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Study: Drinking A Lot Of Soda Linked To Asthma And COPD

A new study reveals a dose-response relationship between drinking large amounts of carbonated drinks and the chances of suffering from asthma and COPD.

| February 9, 2012 | Health

AsianScientist (Feb. 9, 2012) – A new study by researchers in Australia reveals a dose-response relationship between consuming high levels of carbonated drinks and the chances of suffering from asthma and/or chronic obstructive pulmonary disease (COPD).

Results of the study, published in the journal Respirology and led by Dr. Zumin Shi of the University of Adelaide, showed that 10 percent of adults in South Australia drank more than half a liter of carbonated beverages a day, which in turn was associated with an increased chance of asthma and/or COPD.

Overall, 13.3 percent of participants with asthma and 15.6 percent of those suffering from COPD reported consuming more than half a liter of soft drink per day.

The odds ratios for asthma and COPD was 1.26 and 1.79 respectively, comparing those who consumed more than half a liter of soft drink per day with those who did not consume soft drinks.

Additionally, smoking makes this relationship even worse, especially for patients suffering from COPD. Consuming more than half a liter of carbonated drinks and being a current smoker carried a 6.6-fold greater risk of COPD.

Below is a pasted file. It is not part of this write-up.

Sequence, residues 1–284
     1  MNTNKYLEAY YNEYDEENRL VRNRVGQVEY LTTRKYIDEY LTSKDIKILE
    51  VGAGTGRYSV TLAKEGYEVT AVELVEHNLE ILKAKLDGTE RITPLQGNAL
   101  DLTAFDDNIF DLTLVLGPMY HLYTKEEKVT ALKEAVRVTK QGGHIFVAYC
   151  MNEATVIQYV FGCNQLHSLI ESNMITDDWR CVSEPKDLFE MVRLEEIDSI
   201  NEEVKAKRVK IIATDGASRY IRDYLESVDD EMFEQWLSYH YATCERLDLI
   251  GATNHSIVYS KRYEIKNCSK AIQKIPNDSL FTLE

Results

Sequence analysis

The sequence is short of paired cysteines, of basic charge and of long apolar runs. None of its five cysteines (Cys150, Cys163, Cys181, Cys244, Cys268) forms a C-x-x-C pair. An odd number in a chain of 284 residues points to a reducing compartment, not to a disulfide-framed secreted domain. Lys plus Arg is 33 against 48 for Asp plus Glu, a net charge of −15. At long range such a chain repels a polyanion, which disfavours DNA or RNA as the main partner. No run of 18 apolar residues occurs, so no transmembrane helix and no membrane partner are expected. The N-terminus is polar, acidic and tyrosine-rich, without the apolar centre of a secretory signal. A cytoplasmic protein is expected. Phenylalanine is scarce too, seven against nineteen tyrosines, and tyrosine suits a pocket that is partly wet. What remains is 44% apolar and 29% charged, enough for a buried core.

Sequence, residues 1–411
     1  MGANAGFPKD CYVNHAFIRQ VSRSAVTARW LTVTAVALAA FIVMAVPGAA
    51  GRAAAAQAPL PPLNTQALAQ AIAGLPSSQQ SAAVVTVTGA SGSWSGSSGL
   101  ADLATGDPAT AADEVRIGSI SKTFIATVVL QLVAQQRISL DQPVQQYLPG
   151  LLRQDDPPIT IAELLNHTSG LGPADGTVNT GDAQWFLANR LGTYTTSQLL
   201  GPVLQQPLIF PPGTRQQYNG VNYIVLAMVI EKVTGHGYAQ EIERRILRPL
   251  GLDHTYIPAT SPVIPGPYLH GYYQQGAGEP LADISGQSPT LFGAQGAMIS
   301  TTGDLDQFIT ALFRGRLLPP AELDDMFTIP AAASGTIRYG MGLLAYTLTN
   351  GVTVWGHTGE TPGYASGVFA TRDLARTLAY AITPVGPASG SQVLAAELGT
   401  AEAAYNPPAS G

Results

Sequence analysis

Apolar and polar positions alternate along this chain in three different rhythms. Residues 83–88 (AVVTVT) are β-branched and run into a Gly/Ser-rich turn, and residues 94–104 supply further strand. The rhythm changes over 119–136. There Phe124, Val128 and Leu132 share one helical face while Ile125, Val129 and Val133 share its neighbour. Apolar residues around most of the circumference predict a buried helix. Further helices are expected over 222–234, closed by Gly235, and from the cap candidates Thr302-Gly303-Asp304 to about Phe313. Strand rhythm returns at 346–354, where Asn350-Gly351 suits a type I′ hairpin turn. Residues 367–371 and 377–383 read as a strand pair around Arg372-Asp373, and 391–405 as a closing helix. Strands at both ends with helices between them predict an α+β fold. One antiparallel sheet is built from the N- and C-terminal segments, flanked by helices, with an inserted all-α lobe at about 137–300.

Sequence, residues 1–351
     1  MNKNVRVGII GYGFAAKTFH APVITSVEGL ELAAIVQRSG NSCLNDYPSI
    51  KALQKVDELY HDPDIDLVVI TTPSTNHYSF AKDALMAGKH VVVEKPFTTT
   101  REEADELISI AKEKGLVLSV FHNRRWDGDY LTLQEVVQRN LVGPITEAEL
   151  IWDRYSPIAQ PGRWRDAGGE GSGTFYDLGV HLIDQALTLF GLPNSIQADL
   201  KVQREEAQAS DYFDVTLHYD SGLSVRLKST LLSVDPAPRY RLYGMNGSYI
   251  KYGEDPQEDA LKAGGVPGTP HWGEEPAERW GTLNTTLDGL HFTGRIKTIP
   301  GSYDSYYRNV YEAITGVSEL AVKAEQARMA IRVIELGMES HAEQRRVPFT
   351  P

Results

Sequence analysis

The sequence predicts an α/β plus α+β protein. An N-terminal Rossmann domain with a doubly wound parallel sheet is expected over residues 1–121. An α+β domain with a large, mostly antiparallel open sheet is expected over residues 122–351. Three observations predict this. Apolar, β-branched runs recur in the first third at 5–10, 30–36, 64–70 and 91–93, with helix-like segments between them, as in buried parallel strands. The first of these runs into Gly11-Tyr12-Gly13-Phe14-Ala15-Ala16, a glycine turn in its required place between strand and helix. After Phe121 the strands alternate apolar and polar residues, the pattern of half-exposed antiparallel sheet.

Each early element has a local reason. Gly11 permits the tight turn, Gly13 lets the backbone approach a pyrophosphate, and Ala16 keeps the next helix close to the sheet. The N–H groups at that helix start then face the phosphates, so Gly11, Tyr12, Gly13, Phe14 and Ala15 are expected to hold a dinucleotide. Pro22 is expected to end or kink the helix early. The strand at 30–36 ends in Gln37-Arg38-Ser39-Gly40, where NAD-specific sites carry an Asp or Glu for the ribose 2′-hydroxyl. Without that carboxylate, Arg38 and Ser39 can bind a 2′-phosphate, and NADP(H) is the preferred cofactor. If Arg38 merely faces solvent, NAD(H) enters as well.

The research team combed through data from the South Australian Monitoring and Surveillance System and conducted telephone interviews between March 2008 and June 2010 with 16,907 participants aged 16 and above (mean age 46.7), inquiring about consumption of soft drinks such as cola and lemonade.

The workings behind the relationships, however, are unclear. Both diseases are associated with inflammation, and it is possible that foods promoting oxidative stress and inflammation could affect the pathogenesis of these diseases, the researchers said.

Moreover, studies have shown that chemicals such as phthalates from plastic bottles and preservatives such as nitrites and sulphites may also be linked to asthma.

“Our study emphasizes the importance of healthy eating and drinking in the prevention of chronic diseases like asthma and COPD,” said Dr. Shi.

“Regardless of whether there is a cause-and-effect relationship, the public health implications of consumption of large volumes of soft drink are substantial,” Dr. Shi added.

The article can be found at: Shi Z et al. (2012) Association between soft drink consumption and asthma and chronic obstructive pulmonary disease among adults in Australia.

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Source: Wiley-Blackwell.
Disclaimer: This article does not necessarily reflect the views of AsianScientist or its staff.

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